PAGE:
Today I have been learning about drafting and pleading. This presents problems for someone like me.
However before I could draft anything at all EG made me read this. Then he made me read it all again.
This is another one of EG’s favourite books. He was surprised, and a bit angry when he learnt that I had not had to read it at bearister school EVERYBODY should read it, he said. If he could have changed colour he would of.
Pleadings are important and this is the best book on the subject. EG has given a lot of copies away to pupil barristers (we call them “cubs”) who pass through his chambers (cave). It is a book of wisdom and wit. It has photos (which I like) and anyone reading this will know what they are doing afterwards (I still like the pictures). It is a book that talks to the reader rather than at them (and has pictures – did I say?) (EG writes books but there are no pictures – pretty pointless I think).
EG says that there are lots of horror stories: four bearisters drafting a pleading which went on forever and did not comply with the rules; pleadings that were unintelligible; and pleadings that were so long and bad that they lead to a barrister being disbeared . All of these problems, EG says, could have been avoided if everyone reads this book once a year at least. The rules I have had to learn are:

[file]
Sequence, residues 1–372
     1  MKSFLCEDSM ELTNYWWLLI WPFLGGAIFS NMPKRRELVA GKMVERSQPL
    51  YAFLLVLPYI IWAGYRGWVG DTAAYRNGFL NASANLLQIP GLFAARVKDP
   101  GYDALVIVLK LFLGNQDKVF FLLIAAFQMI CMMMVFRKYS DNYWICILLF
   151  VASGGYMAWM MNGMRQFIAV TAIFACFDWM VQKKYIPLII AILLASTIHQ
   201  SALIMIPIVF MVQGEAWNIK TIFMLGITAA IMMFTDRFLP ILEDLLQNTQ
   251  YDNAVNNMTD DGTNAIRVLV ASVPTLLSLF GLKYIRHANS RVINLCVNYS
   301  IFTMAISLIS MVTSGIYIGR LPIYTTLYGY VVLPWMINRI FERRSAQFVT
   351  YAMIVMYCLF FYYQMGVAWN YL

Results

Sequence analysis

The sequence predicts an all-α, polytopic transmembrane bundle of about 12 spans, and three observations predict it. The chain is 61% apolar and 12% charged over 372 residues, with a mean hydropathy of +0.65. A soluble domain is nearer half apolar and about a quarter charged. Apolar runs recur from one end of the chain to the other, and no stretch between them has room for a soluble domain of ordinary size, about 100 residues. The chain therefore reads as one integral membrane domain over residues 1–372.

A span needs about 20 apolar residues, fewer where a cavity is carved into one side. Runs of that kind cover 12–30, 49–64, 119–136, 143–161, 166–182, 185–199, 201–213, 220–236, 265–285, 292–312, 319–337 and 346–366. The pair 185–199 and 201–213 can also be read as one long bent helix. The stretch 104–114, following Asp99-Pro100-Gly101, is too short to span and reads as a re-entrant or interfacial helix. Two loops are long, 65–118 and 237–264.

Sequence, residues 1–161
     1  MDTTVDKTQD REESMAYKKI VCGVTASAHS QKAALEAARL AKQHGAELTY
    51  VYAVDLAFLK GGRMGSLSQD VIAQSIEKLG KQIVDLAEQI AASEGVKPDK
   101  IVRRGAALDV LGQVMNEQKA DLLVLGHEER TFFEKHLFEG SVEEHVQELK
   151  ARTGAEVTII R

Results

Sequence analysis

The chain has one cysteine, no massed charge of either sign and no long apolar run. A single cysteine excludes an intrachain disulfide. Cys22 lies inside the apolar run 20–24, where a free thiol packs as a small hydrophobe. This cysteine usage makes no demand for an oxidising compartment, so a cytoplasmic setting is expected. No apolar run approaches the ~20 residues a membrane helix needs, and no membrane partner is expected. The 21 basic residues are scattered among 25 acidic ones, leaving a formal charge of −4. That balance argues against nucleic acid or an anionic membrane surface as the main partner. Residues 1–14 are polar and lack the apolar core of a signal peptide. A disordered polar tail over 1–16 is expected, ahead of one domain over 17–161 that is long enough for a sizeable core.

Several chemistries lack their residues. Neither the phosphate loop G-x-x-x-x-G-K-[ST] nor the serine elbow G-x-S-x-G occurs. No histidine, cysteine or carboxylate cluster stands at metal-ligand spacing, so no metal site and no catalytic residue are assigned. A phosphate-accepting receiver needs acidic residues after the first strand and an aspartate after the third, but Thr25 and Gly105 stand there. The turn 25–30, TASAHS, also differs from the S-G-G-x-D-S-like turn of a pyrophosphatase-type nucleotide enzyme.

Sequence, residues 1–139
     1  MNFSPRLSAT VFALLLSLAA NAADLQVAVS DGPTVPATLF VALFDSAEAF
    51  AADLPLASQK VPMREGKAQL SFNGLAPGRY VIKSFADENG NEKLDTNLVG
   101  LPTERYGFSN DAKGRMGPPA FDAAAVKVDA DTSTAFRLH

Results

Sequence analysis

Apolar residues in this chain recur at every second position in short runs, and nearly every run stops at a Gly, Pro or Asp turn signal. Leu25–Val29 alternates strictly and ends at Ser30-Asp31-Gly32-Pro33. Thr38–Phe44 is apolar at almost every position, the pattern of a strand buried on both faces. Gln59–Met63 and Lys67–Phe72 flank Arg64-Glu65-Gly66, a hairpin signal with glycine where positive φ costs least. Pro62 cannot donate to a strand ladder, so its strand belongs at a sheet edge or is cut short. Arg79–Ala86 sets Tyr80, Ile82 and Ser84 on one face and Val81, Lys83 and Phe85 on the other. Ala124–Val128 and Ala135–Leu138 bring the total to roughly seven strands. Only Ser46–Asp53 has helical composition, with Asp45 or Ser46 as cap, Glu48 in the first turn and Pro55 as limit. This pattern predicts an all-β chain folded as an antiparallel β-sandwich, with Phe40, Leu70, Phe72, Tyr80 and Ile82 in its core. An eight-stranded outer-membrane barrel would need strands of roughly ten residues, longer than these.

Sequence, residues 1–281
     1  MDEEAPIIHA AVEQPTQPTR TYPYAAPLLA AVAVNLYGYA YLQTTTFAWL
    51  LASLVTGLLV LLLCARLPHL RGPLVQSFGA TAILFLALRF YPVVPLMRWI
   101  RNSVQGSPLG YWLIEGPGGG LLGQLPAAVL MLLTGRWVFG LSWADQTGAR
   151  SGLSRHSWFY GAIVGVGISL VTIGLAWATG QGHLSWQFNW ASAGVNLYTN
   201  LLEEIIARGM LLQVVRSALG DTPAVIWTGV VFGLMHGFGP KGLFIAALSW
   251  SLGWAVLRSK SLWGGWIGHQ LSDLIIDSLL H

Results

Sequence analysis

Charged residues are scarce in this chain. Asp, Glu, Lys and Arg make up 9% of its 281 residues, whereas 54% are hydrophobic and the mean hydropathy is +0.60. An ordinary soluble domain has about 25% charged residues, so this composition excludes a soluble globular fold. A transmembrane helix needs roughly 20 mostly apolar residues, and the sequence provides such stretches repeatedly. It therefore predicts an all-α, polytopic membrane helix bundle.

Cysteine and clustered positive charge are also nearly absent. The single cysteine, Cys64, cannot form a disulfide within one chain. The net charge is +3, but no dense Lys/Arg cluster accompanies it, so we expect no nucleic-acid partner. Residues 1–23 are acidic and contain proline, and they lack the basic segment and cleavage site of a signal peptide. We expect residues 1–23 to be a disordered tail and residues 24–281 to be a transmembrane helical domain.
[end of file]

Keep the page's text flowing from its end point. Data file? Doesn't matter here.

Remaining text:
- Pleadings are not about giving evidence.
- Pleadings are not about making submissions.
- Pleading must be as short as possible.
- If your pleading is not short have a very good reason for it (EG didn’t say “very” but I have censored this bit).
- Read this book at least once a year.
After all that I had to test the book in my own way. (It was good to think I was lying on pictures for a change).
QUOTE FROM THE BOOK:
“It’s almost brutal in its simplicity: how on earth can you expect to draft in a competent manner, if you have little or no conception or what it is you are trying to do?”